The opinion of the court was delivered by: Joyner, J.
Before this Court are Defendant's Motion to Dismiss pursuant to Fed. R. Civ. P. 12(b)(6) (Doc. No. 4) and Plaintiff's Response in Opposition thereto (Doc. No. 8). For the reasons set forth in the following memorandum, the Defendant's Motion to Dismiss is denied.
Plaintiff Britton filed his Complaint against Defendant WHITTMANHART and Defendant Weinstein on February 24, 2009, in the Philadelphia Court of Common Pleas. The case was removed to this Court pursuant to 28 U.S.C. § 1441 and Defendant Weinstein was subsequently dismissed from the action. WHITTMANHART, an advertising agency that creates "user-friendly digital solutions," is a Delaware corporation with its principle place of Business in Illinois. (Notice of Removal, Exh. B.) Britton is a citizen of Philadelphia and worked as WHITTMANHART's Business Development Manager within its Interactive Business Unit in Philadelphia from March 13, 2006, until his termination on April 11, 2008.
The Plaintiff and Defendant dispute two documents pertaining to the terms of Mr. Britton's employment and compensation. The first document ["Incentive Plan"], entered into March 1, 2006, includes the terms of Mr. Britton's employment, including, inter alia, his commission structure, various terms and conditions, and termination policy. The Incentive Plan also describes eligibility for Business Development Managers to participate in the bonus program. The first provision in the Incentive Plan notes that the Incentive Plan "is a statement of the Company's intentions and does not constitute a guarantee and does not create a contractual relationship or any contractually enforceable rights between the Company and the Employee." (Notice of Removal, Exh. A.) Additionally, the Incentive Plan states that "eligibility in the Plan is subject to the Company's sole discretion... [and] otherwise eligible Employees may be deemed ineligible for participation in the Plan at the Company's sole discretion upon written notice." (Notice of Removal, Exh. A.)
The Incentive Plan further outlines terms for Incentive Plan payments if the employee is terminated, stating that "the employee will be eligible for incentive bonuses calculated based on business conducted through the previous full calendar month of employment." (Notice of Removal, Exh. A.)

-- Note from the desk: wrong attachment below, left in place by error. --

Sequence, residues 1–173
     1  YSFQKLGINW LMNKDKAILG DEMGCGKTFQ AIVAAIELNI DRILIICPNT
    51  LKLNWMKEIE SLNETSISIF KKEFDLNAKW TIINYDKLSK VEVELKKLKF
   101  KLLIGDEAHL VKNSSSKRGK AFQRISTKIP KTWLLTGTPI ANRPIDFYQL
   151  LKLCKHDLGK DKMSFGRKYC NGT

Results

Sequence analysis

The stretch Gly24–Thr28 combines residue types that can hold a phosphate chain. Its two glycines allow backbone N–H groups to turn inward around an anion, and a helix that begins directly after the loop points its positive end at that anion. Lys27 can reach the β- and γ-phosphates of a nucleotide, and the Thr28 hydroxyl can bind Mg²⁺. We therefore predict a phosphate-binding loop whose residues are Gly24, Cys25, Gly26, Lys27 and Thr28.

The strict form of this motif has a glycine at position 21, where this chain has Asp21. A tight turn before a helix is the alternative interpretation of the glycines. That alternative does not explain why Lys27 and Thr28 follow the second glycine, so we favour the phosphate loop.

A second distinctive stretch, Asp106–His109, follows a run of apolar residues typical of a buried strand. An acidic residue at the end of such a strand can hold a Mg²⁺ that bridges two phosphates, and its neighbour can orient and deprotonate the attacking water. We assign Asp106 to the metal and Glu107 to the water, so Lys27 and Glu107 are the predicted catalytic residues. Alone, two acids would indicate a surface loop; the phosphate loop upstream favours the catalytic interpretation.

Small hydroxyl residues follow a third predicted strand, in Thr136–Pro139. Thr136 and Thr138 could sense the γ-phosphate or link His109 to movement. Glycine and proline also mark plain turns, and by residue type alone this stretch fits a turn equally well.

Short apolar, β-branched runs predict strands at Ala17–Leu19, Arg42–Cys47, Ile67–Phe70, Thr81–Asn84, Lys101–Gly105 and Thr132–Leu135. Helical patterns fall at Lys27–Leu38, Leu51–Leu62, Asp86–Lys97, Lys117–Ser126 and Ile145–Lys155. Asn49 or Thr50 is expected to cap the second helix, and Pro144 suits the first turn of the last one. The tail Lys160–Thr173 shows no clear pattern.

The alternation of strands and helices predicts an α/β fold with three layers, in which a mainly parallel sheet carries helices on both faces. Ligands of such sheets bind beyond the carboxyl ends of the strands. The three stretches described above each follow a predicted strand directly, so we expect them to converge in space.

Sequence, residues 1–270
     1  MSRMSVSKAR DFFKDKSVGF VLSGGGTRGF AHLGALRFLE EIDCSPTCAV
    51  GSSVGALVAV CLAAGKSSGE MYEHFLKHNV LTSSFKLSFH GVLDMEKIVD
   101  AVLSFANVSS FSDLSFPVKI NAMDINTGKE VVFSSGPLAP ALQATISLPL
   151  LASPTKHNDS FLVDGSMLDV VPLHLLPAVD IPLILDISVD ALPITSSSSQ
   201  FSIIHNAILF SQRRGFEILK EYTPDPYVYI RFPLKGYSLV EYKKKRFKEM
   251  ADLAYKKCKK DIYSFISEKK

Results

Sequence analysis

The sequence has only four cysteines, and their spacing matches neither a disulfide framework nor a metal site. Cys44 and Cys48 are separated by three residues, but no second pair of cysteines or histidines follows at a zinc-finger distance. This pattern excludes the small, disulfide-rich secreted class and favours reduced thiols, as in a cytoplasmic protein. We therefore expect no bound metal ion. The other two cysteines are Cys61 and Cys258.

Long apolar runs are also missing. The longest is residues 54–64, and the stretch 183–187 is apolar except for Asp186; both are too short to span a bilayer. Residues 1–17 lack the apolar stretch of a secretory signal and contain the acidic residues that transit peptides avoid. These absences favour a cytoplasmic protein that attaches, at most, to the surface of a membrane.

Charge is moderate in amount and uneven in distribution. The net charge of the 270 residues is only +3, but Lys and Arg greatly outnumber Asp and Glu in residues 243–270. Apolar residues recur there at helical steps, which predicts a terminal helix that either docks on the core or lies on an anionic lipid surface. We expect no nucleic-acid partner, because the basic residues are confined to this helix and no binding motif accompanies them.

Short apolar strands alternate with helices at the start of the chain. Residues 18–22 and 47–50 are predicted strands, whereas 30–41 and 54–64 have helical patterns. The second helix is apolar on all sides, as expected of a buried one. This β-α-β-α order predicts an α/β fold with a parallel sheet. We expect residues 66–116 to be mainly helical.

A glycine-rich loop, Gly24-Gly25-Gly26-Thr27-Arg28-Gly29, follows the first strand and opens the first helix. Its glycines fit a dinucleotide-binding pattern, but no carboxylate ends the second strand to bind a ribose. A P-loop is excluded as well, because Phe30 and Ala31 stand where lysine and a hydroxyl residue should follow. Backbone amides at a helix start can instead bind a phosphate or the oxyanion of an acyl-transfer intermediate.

The second written document at issue [the "Commission Agreement"], signed November 19, 2007, details a new "salary and commission structure" which reduces the Plaintiff's commission from three to one and one-half percent. (Notice of Removal, Exh. B.) The Commission Agreement asks that Plaintiff "indicate... acceptance of the terms set forth in this letter by signing the enclosed copy...."
Pursuant to the terms in these agreements, Britton asserts two claims. First, Britton alleges a breach of contract action against WHITTMANHART. Specifically, he alleges that pursuant to the Incentive Plan and the Commission Agreement, WHITTMANHART breached its obligation to pay Britton commissions on revenues received for a period of one year following WHITTMANHART's first collection from clients that were acquired by Britton or clients for whom Britton or his team were the procuring cause. He further alleges that WHITTMANHART breached a duty of good faith and fair dealing by terminating his employment without cause in order to avoid paying him earned commissions, which he believes exceed $150,000.
The second count against WHITTMANHART, brought pursuant to the Pennsylvania Wage and Payment Collection Law, 43 Pa.C.S. § 260.1, et. seq. ("WPCL"), alleges that WHITTMANHART had no good faith basis for its refusal to pay Britton's commissions, which constitute contractually-agreed-upon wages under the WPCL. As such Britton alleges that, in addition to his commissions, he is entitled to liquidated damages in the amount of twenty-five percent of the total amount of wages due and to reasonable attorney's fees.
In the instant motion, the Defendant moves to dismiss both the WPCL claim and the Breach of Contract claim, arguing that WHITTMANHART does not owe Britton any commissions under the contract because the payments were discretionary and he was paid all that was arguably due under the Incentive Plan.
In response to a pleading, under Federal Rule of Civil Procedure 12(b)(6), a defendant may assert by motion that the plaintiff's complaint "[fails] to state a claim upon which relief can be granted." In analyzing a Rule 12(b)(6) motion to dismiss, we accept all factual allegations as true, construe the complaint in the light most favorable to the plaintiff, and determine whether, under any reasonable reading of the complaint the plaintiff may be entitled to relief." Phillips v. County of Allegheny, 515 F.3d 224, 223 (3d Cir. 2008) (citations omitted). "To survive a motion to dismiss, a civil plaintiff must allege facts that 'raise a right to relief above the speculative level....'" Id. at 232 (quoting Bell Atl. Corp. v. Twombly, 127 S.Ct. 1955, 1965, 167 L.Ed. 929, 940 (2007)). In other words, the plaintiff must provide "enough facts to raise a reasonable expectation that discovery will reveal evidence of the necessary element[s]" of a particular cause of action. Id. at 234. In ruling on a 12(b)(6) motion to dismiss, the court may consider documents "integral to or explicitly relied upon in the complaint." In re Rockefeller Sec. Lit., 184 F.3d 280, 287 (3d Cir. 1999).